I am never surprised when a very expensive gun goes out of production. Americans, although not exactly spend thrifts, are not in the same class as other people apparently. Young kids over 18 and under 30 (most unmarried) might own some, but will be selling or hocking them shortly after marriage out of necessity. Ordinary people do not have that kind of disposable income to spend north of three grand for a pistol no matter how beautiful. I’m 71 and after a lifetime of scrimping and saving I now can afford them, and yet I won’t buy them, because I have lived a life of thrift and see the folly of waste it is. Buy something for ten dollars that is beautiful and look at it when you need to feel rich. Don’t get me wrong, I long for them as much as others do, I just have enough brains not to drop that much cash for a gun when I can shoot any gun for much less. If I just want it to look at, read above.

  • William Huddleston March 16, 2018, 6:14 pm

    OK. Now someone, as in Springfield Armory, Ruger, Taurus etc, start building them. Maybe in stainless, alloy frame, commander length. Everything that has been done so brilliantly to the 1911, duplicate it with the P-35 Hi-Power.

  • Michael Smith March 16, 2018, 5:17 pm

    Beautiful pistol.

  • Norm Fishler March 16, 2018, 11:34 am

    I was thinking just the other day as I read through yet another article praising a 9 m/m 1911 to the stars and back, that why don’t they just get a Hi Power and be done with it? Oh . . . so that’s why.

  • Al March 16, 2018, 11:04 am

    Nearly as iconic as the 1911, and I believe perhaps more so in other lands where the 1911 didn’t rule the roost.
    It was accurate, safe, and extremely reliable in all conditions, and a truly great handgun.
    I’ve been told that it was highly desirable among both Allied and Axis forces in the ETO, second only to the Lugar for a war trophy, but considered better by those who intended to use it for it’s primary purpose.
    A far better trigger than the Lugar.
    But, I suppose in this day and age, some “timeless designs” just aren’t so timeless.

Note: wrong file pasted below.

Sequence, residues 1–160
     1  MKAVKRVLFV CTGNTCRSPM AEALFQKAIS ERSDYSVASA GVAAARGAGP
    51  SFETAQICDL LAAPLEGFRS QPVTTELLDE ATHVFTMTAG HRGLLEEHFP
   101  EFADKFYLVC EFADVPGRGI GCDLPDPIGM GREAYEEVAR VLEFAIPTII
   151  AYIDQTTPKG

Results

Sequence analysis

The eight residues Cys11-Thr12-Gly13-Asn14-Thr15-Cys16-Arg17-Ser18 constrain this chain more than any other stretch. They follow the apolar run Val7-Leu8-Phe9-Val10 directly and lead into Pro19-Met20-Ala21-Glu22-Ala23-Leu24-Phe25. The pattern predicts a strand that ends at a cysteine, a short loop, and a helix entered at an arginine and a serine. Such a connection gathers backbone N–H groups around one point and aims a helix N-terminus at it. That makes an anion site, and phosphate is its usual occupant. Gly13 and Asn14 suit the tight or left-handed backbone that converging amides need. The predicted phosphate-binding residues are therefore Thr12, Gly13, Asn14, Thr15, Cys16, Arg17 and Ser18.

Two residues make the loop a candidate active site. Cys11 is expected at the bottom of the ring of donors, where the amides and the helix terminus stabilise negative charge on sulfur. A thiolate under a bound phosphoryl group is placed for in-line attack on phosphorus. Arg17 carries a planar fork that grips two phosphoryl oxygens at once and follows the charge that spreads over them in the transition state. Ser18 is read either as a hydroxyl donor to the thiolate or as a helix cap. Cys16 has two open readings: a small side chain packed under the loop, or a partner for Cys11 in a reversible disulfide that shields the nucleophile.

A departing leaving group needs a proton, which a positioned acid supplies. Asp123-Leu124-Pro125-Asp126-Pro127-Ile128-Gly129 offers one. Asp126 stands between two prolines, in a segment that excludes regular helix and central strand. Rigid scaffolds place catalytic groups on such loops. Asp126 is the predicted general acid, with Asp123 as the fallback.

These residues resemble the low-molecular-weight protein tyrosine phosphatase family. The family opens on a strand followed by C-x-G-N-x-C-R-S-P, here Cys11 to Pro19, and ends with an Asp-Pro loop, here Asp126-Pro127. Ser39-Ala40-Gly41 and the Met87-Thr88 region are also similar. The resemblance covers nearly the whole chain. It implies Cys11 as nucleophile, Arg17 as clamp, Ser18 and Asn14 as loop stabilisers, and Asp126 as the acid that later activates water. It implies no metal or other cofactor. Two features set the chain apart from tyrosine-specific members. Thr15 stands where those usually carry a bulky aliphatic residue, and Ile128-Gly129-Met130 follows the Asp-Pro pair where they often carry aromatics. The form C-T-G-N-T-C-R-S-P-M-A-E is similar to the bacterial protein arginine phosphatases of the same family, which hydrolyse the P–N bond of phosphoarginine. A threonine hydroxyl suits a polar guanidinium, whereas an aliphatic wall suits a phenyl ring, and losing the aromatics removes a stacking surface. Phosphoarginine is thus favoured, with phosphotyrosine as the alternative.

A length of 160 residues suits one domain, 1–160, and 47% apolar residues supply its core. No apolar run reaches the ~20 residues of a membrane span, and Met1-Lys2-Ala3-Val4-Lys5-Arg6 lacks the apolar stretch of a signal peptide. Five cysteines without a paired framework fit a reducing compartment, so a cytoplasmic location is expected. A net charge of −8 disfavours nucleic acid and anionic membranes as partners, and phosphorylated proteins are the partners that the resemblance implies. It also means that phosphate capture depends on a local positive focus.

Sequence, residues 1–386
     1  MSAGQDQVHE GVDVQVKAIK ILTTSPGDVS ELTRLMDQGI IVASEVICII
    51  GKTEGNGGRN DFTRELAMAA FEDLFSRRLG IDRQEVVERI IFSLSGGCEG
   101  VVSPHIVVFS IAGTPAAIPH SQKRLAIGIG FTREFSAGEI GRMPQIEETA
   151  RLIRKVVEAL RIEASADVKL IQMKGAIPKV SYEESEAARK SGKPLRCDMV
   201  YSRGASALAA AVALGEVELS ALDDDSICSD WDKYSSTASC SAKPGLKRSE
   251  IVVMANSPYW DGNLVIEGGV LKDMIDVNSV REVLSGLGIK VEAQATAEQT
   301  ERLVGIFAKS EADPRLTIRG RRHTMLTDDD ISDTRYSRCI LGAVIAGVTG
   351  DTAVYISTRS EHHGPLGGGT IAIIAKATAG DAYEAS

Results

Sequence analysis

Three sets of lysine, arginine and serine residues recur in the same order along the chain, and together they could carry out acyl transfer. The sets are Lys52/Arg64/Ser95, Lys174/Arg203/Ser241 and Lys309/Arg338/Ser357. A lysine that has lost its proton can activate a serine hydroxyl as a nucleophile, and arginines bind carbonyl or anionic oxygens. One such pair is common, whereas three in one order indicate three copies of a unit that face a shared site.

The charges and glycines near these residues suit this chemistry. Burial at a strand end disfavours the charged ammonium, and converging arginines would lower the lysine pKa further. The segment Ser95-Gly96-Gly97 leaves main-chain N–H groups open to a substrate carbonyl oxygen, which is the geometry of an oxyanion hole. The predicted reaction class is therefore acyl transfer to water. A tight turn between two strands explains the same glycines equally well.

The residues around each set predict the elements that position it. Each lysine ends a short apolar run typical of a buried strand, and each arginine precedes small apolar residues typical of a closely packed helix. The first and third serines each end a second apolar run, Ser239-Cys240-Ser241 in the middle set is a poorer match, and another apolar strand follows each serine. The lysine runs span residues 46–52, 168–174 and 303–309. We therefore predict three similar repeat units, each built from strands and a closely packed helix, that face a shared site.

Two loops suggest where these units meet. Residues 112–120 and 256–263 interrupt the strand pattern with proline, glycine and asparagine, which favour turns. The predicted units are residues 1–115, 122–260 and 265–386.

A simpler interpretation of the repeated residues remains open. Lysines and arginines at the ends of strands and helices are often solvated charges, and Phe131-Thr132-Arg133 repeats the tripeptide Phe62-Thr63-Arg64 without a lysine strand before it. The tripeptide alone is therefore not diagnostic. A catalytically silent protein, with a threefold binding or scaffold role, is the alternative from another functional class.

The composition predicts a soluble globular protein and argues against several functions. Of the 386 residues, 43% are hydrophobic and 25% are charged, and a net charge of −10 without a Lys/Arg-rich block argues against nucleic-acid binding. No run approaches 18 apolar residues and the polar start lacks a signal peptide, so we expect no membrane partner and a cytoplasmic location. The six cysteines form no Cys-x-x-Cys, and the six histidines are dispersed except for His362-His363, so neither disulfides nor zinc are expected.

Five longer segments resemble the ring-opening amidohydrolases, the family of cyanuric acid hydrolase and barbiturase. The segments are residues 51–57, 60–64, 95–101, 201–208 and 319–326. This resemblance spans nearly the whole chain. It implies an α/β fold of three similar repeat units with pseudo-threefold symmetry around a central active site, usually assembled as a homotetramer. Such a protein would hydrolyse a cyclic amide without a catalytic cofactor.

• Andrew March 16, 2018, 10:43 am

    I’ll get two of these.
    Soon as I remember to purchase a winning PowerMillions or MegaBall lottery ticket, that is.

  • Tom March 16, 2018, 8:17 am

    $3k+ for gun with a dot matrix serial number. Seriously? Pretty sure they can afford engraving.

    • Josh March 16, 2018, 10:05 am

      I’m sure NHC and Turnbull have the ability to re-engrave beautifully but that would be illegal. Since the guns started off as factory FN/Browning guns and they applied the original numbers going over them would be a violation of GCA ‘68. It is a pity, though, that a company like Browning skimps our on something as basic as a nice, clean number.

    • Todd March 16, 2018, 11:24 am

      Agreed. I almost never climb on board cost related issues. If it’s too much – you can’t afford it.
      In this case though, they tout the “custom” and attention to detail and throw that Taurus-grade serial number on there?
      BIG stumble on their part.
      And for Josh – those ARE re-applied by the builder which is perfectly legal so the lapsed attention-to-quality-detail is kind of inexcusable considering this roll-out. They eradicated the factory number with the grip stippling.
      If they can’t match factory markings when applied on the same plane – they should have stuck with applying it to the forward edge of the grip so they are not immediately comparable.